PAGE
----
'The Lorax'

There's a reason Two and a Half Men and NCIS: Cabo San Lucas are among the top-rated shows in the country, and it all begins with movies like The Lorax. Many of our habits are ingrained in us when we're very young, and so it can't be an accident that when children are exposed en masse to The Loraxes of the world as they are beginning to shape an identity, they wind up appreciating the least whimsical, least clever, most vapid and most superficial forms of entertainment when they are adults.

The Lorax, of course, is an adaptation of a beloved children's book by Dr. Seuss, and you can say a number of positive things about the job done by Illumination Media and directors Chris Renaud and Kyle Balda in translating his tale to the silver screen:

  • It has the look and feel of Dr. Seuss, from the signature facial shapes and expressions used in all of his books to the Truffula Trees.
  • It spares little time and expends a ton of energy to make sure you get the message of Seuss' fable loud and clear -- that a culture of consumption is dangerous to the natural world.
  • And, it is going to make an absolute boatload of money, with early projections of a weekend box office haul of more than $70 million making it the biggest opening so far in 2012.

Where it misses the mark is in taking the second point to its most illogical extreme.

Ted Wiggins, voiced by Zac Efron, is the protagonist of this stretched-out tale, and in trying to impress Audrey, his elder love interest voiced by pop star Taylor Swift, he leaves the polluted town of Thneed-Ville, where clean air is sold like bottled water, and meets the faceless hermit the Once-ler. The Once-ler, voiced by Ed Helms, is Ted's lone hope for procuring a long-missing Truffula Tree that Audrey desires, but before he can get his hands on a seedling and, presumably, unlock her heart, he must endure the Once-ler's tale of how Thneed-Ville and environs went from an idyllic Truffula forest to an all-plastic metropolis of misery.

In short, the Once-ler begins chopping down Truffula Trees in the name of commercial success and the yellow-mustachioed, walking-orange-walrus-looking titular character, voiced by Danny DeVito, appears and tries to stop him, ultimately unsuccessfully. Once Ted has heard all this, he begins to see Truffula Trees as more than just a path to Audrey's heart and, as you might guess, Thneed-Ville ends up the better for it.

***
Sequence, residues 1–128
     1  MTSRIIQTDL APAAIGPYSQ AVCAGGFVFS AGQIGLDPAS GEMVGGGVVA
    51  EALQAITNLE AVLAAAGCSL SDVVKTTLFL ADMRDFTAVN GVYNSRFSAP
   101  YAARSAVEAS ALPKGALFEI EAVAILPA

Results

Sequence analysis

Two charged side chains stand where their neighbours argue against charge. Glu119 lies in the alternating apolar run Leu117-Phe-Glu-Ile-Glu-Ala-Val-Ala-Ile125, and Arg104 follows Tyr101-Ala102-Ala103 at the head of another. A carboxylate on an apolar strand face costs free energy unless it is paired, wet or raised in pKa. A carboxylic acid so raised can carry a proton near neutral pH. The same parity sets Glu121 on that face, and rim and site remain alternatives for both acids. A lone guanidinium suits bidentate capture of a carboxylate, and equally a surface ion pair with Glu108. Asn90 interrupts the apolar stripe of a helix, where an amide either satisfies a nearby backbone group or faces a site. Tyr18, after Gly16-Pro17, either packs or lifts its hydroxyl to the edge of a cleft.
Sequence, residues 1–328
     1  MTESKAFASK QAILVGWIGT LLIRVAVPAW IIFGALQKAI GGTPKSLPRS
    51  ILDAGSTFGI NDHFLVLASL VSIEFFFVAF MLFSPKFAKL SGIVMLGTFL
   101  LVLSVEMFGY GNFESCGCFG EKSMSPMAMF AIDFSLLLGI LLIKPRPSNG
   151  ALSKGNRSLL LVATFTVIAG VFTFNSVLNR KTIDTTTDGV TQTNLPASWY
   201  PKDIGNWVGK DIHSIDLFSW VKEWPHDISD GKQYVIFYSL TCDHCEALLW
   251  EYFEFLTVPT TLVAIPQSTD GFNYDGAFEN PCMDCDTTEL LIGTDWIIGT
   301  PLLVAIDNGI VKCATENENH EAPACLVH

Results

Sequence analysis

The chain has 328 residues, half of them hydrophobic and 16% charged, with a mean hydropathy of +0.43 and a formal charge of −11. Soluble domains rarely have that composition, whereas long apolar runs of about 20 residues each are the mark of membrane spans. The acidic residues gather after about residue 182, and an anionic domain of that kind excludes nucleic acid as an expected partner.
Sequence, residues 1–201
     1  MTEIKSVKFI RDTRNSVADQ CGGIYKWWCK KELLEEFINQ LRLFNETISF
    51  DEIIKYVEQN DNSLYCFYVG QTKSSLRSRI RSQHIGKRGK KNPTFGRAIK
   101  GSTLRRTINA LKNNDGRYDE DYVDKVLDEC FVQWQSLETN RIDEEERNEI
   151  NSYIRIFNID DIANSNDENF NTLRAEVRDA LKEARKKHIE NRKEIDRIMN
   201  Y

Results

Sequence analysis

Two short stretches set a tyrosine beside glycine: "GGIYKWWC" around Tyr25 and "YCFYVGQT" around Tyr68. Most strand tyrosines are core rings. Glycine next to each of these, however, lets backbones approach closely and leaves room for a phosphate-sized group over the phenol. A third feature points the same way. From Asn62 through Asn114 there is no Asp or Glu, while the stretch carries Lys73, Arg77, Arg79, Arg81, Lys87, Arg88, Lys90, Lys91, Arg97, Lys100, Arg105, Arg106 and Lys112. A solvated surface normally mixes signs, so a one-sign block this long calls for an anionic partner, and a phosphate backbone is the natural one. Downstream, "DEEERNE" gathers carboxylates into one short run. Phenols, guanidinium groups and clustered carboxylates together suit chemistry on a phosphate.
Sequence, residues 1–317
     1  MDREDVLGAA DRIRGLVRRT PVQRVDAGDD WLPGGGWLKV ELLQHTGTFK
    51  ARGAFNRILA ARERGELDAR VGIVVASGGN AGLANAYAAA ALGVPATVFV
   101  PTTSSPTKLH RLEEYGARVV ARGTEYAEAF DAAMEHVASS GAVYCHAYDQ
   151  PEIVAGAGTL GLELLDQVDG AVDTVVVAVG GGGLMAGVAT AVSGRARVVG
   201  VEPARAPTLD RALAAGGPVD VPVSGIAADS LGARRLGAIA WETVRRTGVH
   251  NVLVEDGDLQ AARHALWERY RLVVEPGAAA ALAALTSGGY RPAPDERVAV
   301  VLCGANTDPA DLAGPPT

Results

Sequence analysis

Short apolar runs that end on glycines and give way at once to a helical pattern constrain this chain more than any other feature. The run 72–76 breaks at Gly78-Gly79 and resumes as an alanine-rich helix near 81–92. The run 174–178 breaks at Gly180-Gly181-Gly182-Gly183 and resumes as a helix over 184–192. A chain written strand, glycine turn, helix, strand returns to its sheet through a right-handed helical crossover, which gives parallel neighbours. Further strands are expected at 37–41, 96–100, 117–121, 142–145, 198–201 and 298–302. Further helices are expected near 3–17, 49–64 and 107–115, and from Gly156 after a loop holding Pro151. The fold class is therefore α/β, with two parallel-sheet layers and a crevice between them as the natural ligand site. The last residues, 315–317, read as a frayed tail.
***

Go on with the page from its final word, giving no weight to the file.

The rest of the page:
Now, there's nothing wrong on the surface here. That's a pretty straightforward plot that seems to encapsulate the spirit of Dr. Seuss' book. The problems arise in the execution. There is absolutely nothing subtle about The Lorax. It is an unappetizing mix of slapstick humor and preachy, pedantic, hammer-meets-anvil reminders of the overarching theme, complete with awkward musical numbers. Fables aren't supposed to be so direct -- Dr. Seuss certainly never was -- and in that sense this is a massive failure.

In fairness, I think that case has been overstated in the critical world, likely because of a tone-deaf marketing campaign that prominently featured a car company (Mazda, which sells a product that pollutes) and because of sentimental attachment to the source material. I never read The Lorax as a child, so that's probably why I didn't feel quite as offended as some folks seemed to be by the movie version.

Anyway, honing in on the marketing campaign or the tainting of one of Dr. Seuss' works on screen seems to miss the forest for the Truffula Trees. Put another way, why do movie studios that make movies for children persist in creating such lowbrow, saccharine entertainment? The Lorax was FOX News' so-called "liberal agenda" brought to life and put in plain view. It shouldn't have been, and, more importantly, it didn't have to be. (Just go and watch WALL-E if you disagree.)

Kids are a whole heck of a lot smarter than we give them credit for most of the time, and in that sense filmmakers insult their intelligence when they slap together beautiful computer animation, an all-star voice acting cast, slapstick humor and thinly veiled polemic and call it a day. This happens all the time, by the way -- pretty much whenever the movie isn't made by Pixar Studios, though even the Cars franchise is guilty of this.

It does a disservice to young moviegoers, who can appreciate more subtle themes and humor and life lessons if you just give them a chance, and it surely is torturous to their parents. It doesn't seem that hard to make a movie that both kids and adults will enjoy; Disney does it all the time. But it does seem to take more work and more thought than whatever went into The Lorax, and when it's that simple to make $70 million in a weekend, well, you know why we get more of The Lorax than we do of Up.

Adults aren't any different, of course -- how else to explain The Vow being the top grossing movie of the year so far? I guess what I'm saying is there's a reason America can't have nice things, and it starts with the way we handle young Americans.